With the promise of an interconnected virtual world coming into focus and user-crafted gaming content exploding, Infinite Canvas is looking to apply lessons learned from the esports boom to the metaverse.
“Metaverse” is the hot buzzword right now, but it’s not an empty term. Ten different people would probably define the metaverse in 10 different ways, but it’s generally used as shorthand for the web of emerging virtual spaces full of personalized avatars, games and digital goods that are already shaping our world.
Much like the realm of esports boasts individual standout players who command their own followings, the social gaming world has its own stars who make original in-game content. But right now, creators making hit content in Fortnite, Roblox and Minecraft are mostly operating on their own, without the supportive infrastructure that quickly professionalized the esports world. And like the early waves of esports players, those content creators skew young and lack some of the resources that would make it smoother to scale the digital brands they’re building.
Founded by Tal Shachar and Sebastian Park, Infinite Canvas is looking to connect creators who craft content for the world’s most popular online games with the financial resources, tools and experience they need to grow their businesses beyond what would be possible in isolation.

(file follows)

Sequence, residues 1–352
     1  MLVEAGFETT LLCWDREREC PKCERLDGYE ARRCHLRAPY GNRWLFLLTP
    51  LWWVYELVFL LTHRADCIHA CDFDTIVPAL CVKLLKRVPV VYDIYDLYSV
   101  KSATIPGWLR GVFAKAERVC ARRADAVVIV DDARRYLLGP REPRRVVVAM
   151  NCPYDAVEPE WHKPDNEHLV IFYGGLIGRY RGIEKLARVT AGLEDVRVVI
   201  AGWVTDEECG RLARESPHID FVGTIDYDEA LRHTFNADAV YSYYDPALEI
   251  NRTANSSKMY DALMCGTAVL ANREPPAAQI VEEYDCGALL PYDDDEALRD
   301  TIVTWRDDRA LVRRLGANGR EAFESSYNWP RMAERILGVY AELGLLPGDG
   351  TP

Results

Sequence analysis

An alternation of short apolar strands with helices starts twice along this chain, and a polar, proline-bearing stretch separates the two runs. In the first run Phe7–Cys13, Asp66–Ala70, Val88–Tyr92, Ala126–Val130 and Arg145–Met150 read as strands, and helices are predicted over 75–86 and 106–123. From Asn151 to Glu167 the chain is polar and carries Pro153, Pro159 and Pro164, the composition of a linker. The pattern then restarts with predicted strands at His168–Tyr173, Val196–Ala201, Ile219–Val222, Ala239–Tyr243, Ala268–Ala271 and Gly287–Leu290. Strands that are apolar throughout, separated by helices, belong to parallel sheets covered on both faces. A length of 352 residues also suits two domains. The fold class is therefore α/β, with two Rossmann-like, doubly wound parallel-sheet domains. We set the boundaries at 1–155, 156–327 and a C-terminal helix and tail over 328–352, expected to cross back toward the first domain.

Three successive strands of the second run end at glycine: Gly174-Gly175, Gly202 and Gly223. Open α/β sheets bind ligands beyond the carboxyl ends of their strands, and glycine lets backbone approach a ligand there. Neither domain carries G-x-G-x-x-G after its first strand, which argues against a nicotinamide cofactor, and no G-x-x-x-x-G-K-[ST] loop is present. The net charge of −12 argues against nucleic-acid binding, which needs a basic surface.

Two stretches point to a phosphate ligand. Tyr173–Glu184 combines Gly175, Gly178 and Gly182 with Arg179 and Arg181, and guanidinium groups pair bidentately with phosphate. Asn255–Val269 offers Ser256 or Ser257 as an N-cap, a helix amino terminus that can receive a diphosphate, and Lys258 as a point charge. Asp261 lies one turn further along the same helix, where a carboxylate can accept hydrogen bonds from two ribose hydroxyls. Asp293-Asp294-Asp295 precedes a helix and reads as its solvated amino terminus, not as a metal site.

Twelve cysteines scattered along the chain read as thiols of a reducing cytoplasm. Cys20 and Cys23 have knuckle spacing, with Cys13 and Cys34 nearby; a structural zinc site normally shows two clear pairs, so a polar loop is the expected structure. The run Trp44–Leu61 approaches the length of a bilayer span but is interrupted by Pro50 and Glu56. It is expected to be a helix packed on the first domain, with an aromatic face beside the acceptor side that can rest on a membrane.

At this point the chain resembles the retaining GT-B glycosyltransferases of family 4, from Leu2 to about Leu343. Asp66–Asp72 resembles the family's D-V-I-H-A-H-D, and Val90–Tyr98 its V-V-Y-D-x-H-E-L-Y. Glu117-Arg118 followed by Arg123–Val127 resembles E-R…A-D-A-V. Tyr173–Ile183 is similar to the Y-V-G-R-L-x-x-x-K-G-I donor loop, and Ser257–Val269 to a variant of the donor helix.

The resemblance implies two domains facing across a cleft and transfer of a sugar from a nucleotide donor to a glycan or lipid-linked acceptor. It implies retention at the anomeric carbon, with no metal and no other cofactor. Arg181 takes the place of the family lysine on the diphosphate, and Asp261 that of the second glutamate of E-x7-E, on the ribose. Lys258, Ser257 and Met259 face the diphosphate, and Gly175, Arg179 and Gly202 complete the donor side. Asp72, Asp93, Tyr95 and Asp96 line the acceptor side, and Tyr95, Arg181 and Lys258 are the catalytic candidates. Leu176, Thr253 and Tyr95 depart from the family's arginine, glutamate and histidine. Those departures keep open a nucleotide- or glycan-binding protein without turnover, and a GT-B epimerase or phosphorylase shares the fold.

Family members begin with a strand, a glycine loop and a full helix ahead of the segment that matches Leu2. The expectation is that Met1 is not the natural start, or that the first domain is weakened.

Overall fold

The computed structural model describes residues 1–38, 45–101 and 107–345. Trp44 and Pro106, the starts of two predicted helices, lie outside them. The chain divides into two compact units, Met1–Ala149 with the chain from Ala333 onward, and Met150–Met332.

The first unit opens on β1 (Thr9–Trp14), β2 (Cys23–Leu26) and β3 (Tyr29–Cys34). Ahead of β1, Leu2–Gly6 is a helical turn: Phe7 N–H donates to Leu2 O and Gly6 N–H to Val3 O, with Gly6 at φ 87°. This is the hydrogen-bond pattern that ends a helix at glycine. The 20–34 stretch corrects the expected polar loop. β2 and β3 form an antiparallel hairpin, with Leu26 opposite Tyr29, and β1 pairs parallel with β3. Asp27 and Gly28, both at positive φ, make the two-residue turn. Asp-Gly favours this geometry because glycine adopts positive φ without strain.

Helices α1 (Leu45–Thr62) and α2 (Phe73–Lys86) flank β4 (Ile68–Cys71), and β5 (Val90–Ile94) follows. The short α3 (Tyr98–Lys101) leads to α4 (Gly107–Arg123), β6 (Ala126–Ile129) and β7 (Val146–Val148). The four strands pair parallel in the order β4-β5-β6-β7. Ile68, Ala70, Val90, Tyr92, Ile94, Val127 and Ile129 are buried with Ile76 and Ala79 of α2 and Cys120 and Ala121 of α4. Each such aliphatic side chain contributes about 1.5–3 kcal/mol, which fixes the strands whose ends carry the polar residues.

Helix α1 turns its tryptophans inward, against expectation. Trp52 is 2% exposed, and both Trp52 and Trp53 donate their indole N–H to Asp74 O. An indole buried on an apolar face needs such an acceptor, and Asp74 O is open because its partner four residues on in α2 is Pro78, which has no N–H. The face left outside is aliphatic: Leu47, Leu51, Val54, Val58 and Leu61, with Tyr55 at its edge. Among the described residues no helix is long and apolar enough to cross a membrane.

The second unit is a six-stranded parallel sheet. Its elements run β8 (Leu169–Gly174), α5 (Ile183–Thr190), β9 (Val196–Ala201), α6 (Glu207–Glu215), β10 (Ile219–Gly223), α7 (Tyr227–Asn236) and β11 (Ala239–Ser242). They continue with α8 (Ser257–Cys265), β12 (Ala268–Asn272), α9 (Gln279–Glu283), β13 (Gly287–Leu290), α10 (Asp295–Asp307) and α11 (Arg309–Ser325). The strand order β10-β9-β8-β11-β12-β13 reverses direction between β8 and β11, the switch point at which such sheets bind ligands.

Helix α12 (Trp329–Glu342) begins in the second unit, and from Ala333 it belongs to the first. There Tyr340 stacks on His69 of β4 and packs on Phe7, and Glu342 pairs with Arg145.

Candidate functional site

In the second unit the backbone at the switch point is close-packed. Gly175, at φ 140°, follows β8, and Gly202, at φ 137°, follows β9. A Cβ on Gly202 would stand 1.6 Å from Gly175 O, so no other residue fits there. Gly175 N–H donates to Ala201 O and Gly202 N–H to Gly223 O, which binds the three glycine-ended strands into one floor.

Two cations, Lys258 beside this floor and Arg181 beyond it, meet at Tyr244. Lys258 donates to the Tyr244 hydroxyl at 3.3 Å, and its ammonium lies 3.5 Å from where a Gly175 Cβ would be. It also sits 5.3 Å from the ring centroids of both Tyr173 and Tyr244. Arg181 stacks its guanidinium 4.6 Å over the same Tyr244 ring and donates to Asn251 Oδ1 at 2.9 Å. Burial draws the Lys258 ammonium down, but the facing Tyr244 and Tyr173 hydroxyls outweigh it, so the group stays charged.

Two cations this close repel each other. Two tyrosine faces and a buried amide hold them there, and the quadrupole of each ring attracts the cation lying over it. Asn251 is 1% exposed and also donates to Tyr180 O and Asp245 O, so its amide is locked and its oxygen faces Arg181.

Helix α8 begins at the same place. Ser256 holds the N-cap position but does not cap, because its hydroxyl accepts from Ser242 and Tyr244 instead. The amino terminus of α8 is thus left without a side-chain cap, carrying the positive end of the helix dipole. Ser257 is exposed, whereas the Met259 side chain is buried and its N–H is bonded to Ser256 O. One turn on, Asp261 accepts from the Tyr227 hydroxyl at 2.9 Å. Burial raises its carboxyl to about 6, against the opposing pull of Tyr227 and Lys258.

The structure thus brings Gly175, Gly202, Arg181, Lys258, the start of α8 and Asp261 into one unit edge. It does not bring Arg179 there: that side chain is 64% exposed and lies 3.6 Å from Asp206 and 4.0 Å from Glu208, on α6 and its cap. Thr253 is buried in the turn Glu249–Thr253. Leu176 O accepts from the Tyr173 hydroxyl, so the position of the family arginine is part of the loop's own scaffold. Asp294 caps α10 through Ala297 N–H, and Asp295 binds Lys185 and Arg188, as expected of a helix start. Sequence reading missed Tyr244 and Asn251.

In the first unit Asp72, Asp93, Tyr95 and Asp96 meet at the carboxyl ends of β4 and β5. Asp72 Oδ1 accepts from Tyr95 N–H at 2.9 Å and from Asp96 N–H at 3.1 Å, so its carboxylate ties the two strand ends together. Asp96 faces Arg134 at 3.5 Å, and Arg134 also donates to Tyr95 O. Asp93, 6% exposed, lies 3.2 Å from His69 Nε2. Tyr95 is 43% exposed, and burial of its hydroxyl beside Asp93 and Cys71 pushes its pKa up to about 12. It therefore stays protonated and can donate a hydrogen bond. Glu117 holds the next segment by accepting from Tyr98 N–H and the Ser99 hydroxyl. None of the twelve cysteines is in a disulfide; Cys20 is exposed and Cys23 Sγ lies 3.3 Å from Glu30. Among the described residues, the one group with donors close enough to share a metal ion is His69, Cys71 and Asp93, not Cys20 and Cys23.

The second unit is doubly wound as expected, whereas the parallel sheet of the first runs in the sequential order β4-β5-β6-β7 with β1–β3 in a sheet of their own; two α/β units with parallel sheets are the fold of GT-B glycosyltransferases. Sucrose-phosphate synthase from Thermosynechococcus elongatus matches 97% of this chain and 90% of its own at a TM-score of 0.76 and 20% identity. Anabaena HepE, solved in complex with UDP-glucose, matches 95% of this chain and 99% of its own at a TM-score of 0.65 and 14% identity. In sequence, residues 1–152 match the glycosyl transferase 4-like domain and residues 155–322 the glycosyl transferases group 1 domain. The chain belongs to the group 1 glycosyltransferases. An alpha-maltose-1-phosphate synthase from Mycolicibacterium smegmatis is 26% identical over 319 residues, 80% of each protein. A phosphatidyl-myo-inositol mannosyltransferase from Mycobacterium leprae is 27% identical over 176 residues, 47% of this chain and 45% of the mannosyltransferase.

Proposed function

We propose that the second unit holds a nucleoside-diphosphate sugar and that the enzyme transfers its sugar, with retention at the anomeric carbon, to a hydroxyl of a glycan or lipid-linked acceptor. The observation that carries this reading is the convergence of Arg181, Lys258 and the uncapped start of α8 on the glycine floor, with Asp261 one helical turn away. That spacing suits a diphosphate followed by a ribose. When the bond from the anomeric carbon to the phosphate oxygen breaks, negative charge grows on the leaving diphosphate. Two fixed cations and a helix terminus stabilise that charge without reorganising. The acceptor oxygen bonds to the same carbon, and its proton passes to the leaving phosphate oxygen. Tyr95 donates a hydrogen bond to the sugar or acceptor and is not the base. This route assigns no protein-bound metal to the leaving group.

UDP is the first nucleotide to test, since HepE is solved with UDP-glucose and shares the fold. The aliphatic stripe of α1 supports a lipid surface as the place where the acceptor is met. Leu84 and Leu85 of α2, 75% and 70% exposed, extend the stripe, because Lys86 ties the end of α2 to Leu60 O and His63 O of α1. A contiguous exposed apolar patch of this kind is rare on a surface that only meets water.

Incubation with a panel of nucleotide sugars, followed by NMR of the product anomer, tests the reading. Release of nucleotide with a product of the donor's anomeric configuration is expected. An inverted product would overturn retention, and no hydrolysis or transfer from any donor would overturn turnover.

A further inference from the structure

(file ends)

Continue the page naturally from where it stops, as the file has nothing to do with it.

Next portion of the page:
Shachar, the former growth strategist at BuzzFeed Studios and chief digital officer at Immortals Gaming Club, and Park, previously VP of Esports for the Houston Rockets, where he founded League of Legends franchise team Clutch Gaming, envision a hybrid talent management company and game publisher modeled after the success they’ve seen in the esports world. The pair liken the new venture to “an esports team for the metaverse.”
To grow their vision, Infinite Canvas has raised $2.8 million in pre-seed funds led by Lightshed Venture Partners, the venture firm founded by media analyst Richard Greenfield. BITKRAFT Ventures, Day One Ventures, Crossbeam and Emerson Collective also participated in the funding round.